Keep up to date on new work, our thinking, ongoing projects, things we’ve noticed and what we’re up to in the studio with our weeknotes and occasional articles.

Week 57: The cold equations

Adam Greenfield on 10 February 2012

This is one of the more difficult weeknotes I’ve had to write — but they can’t all be good news, now can they?

From the outset, I positioned Urbanscale as a hybrid proposition: a chimera forged of equal parts “visionary” consultancy, boutique design practice, and resolutely pragmatic development shop. The logic behind this was that, ideally, each one of these activities would inform the others, generating that all-important synergy, and ensuring that the whole would give rise to more value than the sum of its parts would imply. In practice, though, it’s become obvious that the diverging requirements implied by these different ways of approaching the world (and, particularly, of trying to offer full-scale technical development and integration for municipal clients, without losing focus on our other activities) pulls a studio of five people in too many conflicting directions.

This tension is in itself interesting, and it’s probably productive in a bunch of ways. But one in which it’s clearly not productive is the single way that happens to matter for a business enterprise, and that is financially. I’ve always been conscious of the fact that the studio was undercapitalized for the sort of projects our ambitions dictated we should be taking on. Equally — municipal bureaucracies being known neither for the rapidity of their decision-making or the transparency of their procurement processes — we understood that anyone playing in these particular fields had better be prepared to tolerate drawn-out negotiations and lead times that are often measured in years. We made a bet that our relatively high-margin consultancy activities would generate sufficient short-term revenue to support the other facets of the practice while our more ambitious and capital-intensive projects gestated. This was a hedged bet, but a bet nonetheless.

Unfortunately, it’s now clear that we’ve lost this bet, and there are consequences for the practice and its projects that I need to share with you. The most obvious, immediate and frustrating consequence is that we’re suspending development work on our Urbanflow and Transitflow projects indefinitely. There are also some implications for the way we’ll structure the studio and its ongoing activities. The best way to describe these changes would be to say that we’re reformulating the studio as a rather looser network of associates, who will continue to work on some projects together under the Urbanscale banner, and take on other opportunities as they present themselves.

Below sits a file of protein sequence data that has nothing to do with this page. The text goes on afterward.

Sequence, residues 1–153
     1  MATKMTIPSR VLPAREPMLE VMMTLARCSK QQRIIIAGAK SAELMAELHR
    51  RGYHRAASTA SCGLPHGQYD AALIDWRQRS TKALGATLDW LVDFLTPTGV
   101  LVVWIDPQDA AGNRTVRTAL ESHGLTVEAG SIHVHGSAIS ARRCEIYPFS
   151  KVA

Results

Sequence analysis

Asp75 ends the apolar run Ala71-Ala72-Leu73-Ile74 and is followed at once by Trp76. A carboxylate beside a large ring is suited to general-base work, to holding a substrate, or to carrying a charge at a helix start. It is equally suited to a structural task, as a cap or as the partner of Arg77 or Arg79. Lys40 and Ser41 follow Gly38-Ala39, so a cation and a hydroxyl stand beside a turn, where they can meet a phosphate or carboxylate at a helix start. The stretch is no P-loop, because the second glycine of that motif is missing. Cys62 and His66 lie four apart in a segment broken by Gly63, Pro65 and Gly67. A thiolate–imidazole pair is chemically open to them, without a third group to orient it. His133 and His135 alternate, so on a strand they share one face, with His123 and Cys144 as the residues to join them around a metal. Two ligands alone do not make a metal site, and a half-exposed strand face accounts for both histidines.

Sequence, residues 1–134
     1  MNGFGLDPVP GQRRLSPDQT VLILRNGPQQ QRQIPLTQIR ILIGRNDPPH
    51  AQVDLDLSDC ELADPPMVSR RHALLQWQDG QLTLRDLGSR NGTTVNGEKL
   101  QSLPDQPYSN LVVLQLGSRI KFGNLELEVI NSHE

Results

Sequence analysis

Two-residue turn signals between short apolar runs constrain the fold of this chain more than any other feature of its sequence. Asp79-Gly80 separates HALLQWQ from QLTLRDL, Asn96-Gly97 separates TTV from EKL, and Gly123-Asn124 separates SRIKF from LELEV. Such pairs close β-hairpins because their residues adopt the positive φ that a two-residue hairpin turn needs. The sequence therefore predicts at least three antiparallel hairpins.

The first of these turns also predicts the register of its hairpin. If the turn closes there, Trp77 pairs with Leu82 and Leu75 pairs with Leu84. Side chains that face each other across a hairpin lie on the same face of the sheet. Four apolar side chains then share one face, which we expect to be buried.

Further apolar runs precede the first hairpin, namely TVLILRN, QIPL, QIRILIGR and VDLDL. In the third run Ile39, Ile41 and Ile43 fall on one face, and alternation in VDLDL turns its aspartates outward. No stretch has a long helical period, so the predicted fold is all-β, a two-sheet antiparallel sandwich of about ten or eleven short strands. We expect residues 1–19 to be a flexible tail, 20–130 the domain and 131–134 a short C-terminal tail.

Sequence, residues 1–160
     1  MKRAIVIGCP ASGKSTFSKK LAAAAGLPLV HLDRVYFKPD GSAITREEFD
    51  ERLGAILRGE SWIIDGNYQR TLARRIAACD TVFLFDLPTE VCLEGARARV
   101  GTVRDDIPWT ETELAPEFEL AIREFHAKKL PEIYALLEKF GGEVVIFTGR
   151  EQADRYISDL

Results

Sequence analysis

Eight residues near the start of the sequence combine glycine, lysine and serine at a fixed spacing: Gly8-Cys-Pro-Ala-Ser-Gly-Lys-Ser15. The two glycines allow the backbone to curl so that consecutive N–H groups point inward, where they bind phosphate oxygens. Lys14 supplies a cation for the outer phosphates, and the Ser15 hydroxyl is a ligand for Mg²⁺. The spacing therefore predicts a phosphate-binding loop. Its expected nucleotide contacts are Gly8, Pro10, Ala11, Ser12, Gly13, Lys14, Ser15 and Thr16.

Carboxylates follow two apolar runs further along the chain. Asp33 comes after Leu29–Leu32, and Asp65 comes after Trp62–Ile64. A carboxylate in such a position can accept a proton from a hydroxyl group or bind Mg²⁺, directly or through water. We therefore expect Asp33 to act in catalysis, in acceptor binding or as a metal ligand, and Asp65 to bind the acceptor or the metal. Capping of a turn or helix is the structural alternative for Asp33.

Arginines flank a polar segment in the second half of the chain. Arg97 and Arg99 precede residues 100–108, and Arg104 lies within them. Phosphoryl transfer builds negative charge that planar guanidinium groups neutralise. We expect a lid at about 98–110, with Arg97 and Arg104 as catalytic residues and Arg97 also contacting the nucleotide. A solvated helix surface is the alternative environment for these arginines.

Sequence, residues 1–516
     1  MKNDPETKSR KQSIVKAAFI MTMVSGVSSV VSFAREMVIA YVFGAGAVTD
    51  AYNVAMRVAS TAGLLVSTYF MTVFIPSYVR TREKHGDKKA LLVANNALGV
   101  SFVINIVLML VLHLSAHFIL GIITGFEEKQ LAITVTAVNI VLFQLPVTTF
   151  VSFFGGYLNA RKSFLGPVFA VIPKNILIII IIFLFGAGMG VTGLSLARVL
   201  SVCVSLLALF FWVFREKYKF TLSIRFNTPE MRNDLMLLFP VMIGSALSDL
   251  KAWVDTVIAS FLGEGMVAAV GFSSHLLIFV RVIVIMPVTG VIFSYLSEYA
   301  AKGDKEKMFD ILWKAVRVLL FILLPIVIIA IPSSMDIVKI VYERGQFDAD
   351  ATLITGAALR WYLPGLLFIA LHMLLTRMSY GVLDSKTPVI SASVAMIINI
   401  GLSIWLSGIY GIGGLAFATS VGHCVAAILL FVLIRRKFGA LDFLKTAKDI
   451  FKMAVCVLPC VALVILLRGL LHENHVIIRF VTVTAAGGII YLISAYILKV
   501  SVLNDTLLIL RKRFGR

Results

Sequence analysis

None of this will affect our ongoing consultancy work in any way. We’ll continue to serve our existing clients, and (we certainly hope) take on new ones. I should also make it clear that we’re not abandoning the work we did on Urbanflow/Transitflow — if nothing else, we’ve generated a significant amount of code, cartographic and other assets, and we’re currently exploring ways we might return the value locked up in these to the City of Chicago and the broader open-source development community.

There’s a much longer post to be written about what we’ve learned by trying to bootstrap our way into municipal-scale production immediately, but the time for that consideration is a little later on, after I have enough distance to put things in their proper perspective. For now I’ll confine myself to noting that, in retrospect, a wiser course of action might have been to concentrate on producing the design fictions I tend to dislike so heartily, in the hopes of securing the longer-term institutional buy-in that might have led to more successful outcomes. (This may in fact be what’s in the process of happening with Urbanflow, given the spate of recent and favorably-received coverage, but only time will tell.) But, y’know, sometimes it’s hard to see past one’s ideological blinders, to say nothing of one’s own ego and ambition.

I want to thank the whole extended family — Mayo, Jeff, Leah and J.D., Nurri, Benedetta and Justin at GROUNDlab, ace coil man Todd Bailey and our West Coast co-conspirator Ryan Sullivan — for all of their hard work on our slate of projects over the past year. (Actually, what I really want to say is otsukaresama deshita, which is the customary way of thanking Japanese colleagues for a collective effort; ironically enough, I hated having these compulsory and merely performative-feeling ritual greetings expected of me when I actually lived and worked in Japan, but have come to miss having a handy figure of speech to acknowledge consciousness of the debt one owes to one’s coworkers and their diligence.)